Born: May 23, 1939 Primary Instrument: Trumpet
Throughout his distinguished career, Marvin Stamm has been praised for both the art and the craft of trumpet playing. Leonard Feather stated that Mr. Stamm is an accomplished performer whose technical skill is used as a means to stimulating original ends.
While attending North Texas State University, a school noted for its innovative lab bands, Mr. Stamm was discovered by Stan Kenton. After graduation, he joined Kenton's orchestra as his Jazz trumpet soloist, touring with him in 1961-1962 recording five albums with the orchestra. In 1965-1966, he toured worldwide with Woody Herman.
Settling in New York in late 1966, Marvin Stamm quickly established himself as a busy Jazz and studio trumpeter. New York was bustling with jazz activity during that period, and Stamm performed at key venues with many of the significant players in the business. He gained considerable recognition for his playing with the Thad Jones/Mel Lewis Jazz Orchestra (1966-72) and the Duke Pearson Big Band (1967-70), as well as performing with Frank Sinatra (1973-74) and the Benny Goodman Sextet (1974-75) among others. Stamm was also a recognized first call studio player (1966-89), and he recorded with: Bill Evans, Quincy Jones, Oliver Nelson, Duke Pearson, Thad Jones, Wes Montgomery, Freddie Hubbard, Stanley Turrentine, Patrick Williams, Michel Legrand, Frank Foster, Paul Desmond, George Benson and many more.
Eschewing the lucrative studio scene in the late 80’s, Mr. Stamm has focused his attention on his first love, playing Jazz. Since that time, he has been a member of John Lewis' American Jazz Orchestra, the Bob Mintzer Band, the George Gruntz Concert Jazz Band, Louis Bellson's big band and/or quintet and, on many occasions, performed with the big band of composer Maria Schneider.
Currently, Mr. Stamm's activities include performing as a soloist, touring with his Jazz quartet or in duo with pianist Bill Mays. He performs often with symphony orchestras throughout the country and abroad. Stamm aslo continues to maintain his ties with George Gruntz' Concert Jazz Band, and, when time permits also travels with other all-star units.
Marvin Stamm's first solo album, Machinations was composed and arranged by Jazz legend, John Carisi. After touring for several years with Frank Sinatra, he recorded Stammpede in 1982, heralding his re-dedication to a solo Jazz career.
In 1991, Stamm released Bop Boy, a quintet CD featuring tenor saxophonist Bob Mintzer, drummer Terry Clarke, pianist Phil Markowitz and bassist Lincoln Goines. A follow-up CD, Mystery Man, was released in 1993, again featuring Mintzer and Clarke, but this time in the company of pianist Bill Charlap, bassist Mike Richmond and saxophonist Bob Malach.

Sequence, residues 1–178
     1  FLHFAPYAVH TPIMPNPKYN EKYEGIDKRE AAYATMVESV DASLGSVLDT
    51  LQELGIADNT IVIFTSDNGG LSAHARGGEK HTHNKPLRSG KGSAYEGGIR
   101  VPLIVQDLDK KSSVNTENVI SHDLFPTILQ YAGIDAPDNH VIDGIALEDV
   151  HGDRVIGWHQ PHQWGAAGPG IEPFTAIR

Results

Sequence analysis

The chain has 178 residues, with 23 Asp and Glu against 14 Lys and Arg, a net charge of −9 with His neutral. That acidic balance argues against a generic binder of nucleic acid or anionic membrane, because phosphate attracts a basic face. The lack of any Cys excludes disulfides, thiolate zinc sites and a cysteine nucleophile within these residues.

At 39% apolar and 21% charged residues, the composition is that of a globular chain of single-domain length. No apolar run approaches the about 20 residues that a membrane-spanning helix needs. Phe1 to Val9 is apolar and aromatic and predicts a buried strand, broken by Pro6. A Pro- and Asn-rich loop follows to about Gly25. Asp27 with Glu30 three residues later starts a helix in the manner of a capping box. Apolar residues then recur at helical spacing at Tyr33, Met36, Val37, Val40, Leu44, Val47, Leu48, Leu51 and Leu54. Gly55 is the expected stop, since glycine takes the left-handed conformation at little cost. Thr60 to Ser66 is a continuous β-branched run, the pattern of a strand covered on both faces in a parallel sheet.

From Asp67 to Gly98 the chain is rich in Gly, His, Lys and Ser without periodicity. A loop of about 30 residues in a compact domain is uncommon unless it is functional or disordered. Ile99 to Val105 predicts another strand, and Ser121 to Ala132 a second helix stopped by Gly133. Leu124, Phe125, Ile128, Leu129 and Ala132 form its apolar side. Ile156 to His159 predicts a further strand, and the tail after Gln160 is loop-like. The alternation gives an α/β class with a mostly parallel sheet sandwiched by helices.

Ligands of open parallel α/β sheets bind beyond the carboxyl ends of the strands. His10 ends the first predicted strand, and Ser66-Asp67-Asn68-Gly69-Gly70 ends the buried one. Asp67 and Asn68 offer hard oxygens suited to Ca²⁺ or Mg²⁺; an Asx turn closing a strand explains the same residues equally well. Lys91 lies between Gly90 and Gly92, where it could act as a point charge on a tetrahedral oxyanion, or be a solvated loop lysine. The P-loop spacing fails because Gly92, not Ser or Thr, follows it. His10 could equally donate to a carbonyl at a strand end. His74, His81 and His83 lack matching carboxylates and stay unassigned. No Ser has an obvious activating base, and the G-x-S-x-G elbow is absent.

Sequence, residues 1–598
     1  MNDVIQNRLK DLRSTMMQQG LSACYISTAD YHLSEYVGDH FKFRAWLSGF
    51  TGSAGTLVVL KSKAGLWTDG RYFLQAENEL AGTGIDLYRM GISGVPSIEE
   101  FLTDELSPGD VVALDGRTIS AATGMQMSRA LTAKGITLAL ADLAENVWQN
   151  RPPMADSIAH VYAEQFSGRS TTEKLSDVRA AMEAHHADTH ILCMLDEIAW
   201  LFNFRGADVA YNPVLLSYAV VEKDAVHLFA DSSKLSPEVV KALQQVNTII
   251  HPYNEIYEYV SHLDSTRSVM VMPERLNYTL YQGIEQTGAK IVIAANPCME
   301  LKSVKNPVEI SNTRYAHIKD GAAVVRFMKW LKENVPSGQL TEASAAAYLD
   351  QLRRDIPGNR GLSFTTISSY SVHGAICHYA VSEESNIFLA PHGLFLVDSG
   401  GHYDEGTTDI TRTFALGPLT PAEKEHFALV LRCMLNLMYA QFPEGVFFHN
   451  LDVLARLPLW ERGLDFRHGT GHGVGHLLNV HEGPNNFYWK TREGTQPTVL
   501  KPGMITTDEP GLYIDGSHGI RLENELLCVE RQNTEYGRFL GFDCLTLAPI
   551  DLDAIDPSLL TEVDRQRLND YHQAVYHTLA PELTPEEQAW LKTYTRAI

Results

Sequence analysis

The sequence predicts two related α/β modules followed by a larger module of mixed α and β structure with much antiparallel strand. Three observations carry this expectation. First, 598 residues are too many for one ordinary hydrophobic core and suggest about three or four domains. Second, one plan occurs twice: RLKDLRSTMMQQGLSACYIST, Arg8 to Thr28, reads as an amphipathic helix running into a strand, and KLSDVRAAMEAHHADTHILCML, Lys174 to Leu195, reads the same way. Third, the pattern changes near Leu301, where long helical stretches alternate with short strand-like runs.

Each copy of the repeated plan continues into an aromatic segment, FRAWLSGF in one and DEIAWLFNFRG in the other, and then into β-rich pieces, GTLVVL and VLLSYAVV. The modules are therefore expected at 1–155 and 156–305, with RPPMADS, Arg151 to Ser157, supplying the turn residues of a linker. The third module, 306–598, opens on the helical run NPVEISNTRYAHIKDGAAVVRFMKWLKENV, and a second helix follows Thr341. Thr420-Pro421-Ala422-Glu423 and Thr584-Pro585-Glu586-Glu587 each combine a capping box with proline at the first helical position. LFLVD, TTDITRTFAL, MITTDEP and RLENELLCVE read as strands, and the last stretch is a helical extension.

In November 2000, Mr. Stamm released two new CDs on his newly formed Marstam Music label. The first, a duo CD, By Ourselves, documents Mr. Stamm's long-time collaboration with pianist Bill Mays. The second CD, The Stamm/Soph Project, is a quartet setting created with drummer Ed Soph that features bassist Rufus Reid and pianist Bill Mays with saxophonist Dave Liebman guesting on three tracks.
November 2001 saw the release of Elegance, a quartet CD featuring the remarkable young pianist from Sweden, Stefan Karlsson along with bassist Tom Warrington and drummer Eliot Zigmund.
The Stamm/Soph project - Live At Birdland, released in 2005, features Mr. Stamm's working quartet of Bill Mays, Rufus Reid, and Ed Soph, with guitarist John Abercrombie guesting on several tracks. Recorded live in the club over two evenings, this CD represents the quartet in a natural Jazz setting, showcasing all the members at their creative best.
The Stamm quartet's most recent project, Alone Together, is a two-disc set, both a DVD and CD, released in October 2007. This live concert was videoed and recorded at Rising Jazz Stars, an intimate concert venue in Beverly Hills, California and again presents his working quartet with Bill Mays, Rufus Reid, and Ed Soph. The new release like Stamm's other work has received excellent reviews from critics and fans alike.
Critical response to Stamm's work over the years has been highly enthusiastic. Downbeat reported that Stamm has a gorgeous tone on the trumpet and flugelhorn, and he flies through the changes. JazzTimes said that the Memphis native has chops and talent in abundance. He can burn on bebop changes, or mellow out on a ballad, all the time maintaining the lucid consistency that enthusiasm and experience engenders. Jazz Review states, “It is a pleasure listening to the work of Marvin Stamm, anytime! Stamm is a musician's musician, performing flawlessly on his trumpet and flugelhorn.
Consciously acknowledging his debt to the influence and guidance of former teachers and fellow musicians, Marvin Stamm also commits a good deal of his time and energies to helping young music students develop their own voices. His involvement in Jazz education takes him to universities and high schools across the U.S. and abroad as a performer, clinician and mentor, perpetuating the traditions of excitement and innovation that Jazz represents.